Lessons from Honeybees

Falling Into Big Data Without Knowing It

Josh Schein

Big Data is often perceived as a vast sea of digital information out of which profound insights magically emerge. What that picture can miss, however, is that the best insights arise not from processing large volumes of data, but from testing hypotheses grounded in observable phenomena. Although careers can thrive on statistical studies of Amazon rainfall levels or breakfast cereal preferences, as examples, machine learning will not extract additional value when larger datasets combine these fields.

Our era of exponentially exploding datasets creates opportunities for a small pool of professionals skilled in programming, statistics, and machine learning. A subtle bottleneck arises, however, when the time spent acquiring these skills and the narrow career paths that follow preclude exposure to higher-impact problems. Progress comes from envisioning and exploring connections, whereas Big Data struggles, perhaps more than any other field, to bridge gaps between theory and practice.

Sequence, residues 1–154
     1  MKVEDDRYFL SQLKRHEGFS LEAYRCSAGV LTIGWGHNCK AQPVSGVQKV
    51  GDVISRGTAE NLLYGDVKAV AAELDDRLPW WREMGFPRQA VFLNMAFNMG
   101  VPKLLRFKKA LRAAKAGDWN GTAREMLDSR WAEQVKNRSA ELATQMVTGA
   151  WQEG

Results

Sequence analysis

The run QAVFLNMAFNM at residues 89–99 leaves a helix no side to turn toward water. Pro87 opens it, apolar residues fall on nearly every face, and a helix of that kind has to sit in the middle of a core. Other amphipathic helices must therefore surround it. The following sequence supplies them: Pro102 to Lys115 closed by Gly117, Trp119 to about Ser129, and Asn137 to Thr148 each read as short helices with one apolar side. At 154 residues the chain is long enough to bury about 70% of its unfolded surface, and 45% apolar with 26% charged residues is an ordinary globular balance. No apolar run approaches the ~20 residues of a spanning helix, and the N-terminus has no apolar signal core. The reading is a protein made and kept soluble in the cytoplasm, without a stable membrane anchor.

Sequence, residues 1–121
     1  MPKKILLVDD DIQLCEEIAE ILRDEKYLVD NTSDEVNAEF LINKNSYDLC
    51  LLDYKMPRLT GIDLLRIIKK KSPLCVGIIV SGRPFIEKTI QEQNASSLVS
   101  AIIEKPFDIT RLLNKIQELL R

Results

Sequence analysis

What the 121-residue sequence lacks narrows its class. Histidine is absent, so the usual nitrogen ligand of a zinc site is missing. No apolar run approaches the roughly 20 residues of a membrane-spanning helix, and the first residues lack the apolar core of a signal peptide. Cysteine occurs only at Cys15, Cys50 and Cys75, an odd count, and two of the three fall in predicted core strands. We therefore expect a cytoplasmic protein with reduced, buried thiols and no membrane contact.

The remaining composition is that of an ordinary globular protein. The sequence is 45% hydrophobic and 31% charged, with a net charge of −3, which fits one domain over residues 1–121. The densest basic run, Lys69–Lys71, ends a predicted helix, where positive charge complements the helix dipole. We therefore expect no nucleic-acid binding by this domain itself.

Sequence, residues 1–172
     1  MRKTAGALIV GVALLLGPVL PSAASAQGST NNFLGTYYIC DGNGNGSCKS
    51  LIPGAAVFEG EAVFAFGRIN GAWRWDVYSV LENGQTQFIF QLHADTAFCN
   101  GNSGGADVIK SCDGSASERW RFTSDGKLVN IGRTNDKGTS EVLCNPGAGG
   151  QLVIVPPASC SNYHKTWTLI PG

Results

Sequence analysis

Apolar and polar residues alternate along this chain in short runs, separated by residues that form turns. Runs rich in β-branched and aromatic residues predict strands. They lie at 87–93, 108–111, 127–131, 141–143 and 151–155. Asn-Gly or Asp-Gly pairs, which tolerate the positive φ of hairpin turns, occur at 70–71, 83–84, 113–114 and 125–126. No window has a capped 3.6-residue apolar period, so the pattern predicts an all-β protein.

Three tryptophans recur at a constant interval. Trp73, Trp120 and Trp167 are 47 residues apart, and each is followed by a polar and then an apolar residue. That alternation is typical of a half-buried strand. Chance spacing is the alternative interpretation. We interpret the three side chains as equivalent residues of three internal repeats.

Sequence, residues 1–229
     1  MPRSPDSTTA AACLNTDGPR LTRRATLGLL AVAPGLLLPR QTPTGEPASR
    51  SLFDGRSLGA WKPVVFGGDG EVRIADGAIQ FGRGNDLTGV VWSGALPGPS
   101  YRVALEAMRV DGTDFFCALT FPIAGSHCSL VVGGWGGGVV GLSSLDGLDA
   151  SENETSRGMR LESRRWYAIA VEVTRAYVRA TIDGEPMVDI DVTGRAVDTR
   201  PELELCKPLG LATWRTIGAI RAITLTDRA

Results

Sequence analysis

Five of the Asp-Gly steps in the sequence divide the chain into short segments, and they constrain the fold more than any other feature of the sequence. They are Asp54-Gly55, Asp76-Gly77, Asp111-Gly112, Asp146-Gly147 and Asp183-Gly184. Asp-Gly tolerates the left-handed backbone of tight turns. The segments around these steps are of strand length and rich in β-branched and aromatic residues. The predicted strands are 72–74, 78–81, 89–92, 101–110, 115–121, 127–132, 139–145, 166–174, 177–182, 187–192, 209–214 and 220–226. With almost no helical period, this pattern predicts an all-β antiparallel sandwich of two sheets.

Although I did not fully appreciate it at the time, my groundings in predictive analytics began on the data collection side. While pursuing a B.A. in International Studies at West Virginia University, a unique opportunity arose to spend a year as a research assistant with Yale University in a Thai rainforest studying Asian honeybees. By chance, the work had made headlines over allegations of chemical warfare when the United States charged the Soviet Union with promoting yellow rain poison gas in Southeast Asia. Witnesses proved unreliable whereas ground samples taken by the scientists on my project found anomalies such as pollen that effectively disproved the accusations. The “yellow rain” was bee feces.

Honeybees defecate in mass flights around the hive lasting several minutes, and the average bee retains 20% of its body weight in ejecta for this moment. Although we had thought that group flights limited exposure to predators, a later study linked the behavior to nest temperature regulation. In either case, yellow rain and bee feces look alike, and these scientists were able to apply their unique experiences to envision and test a nonobvious hypothesis.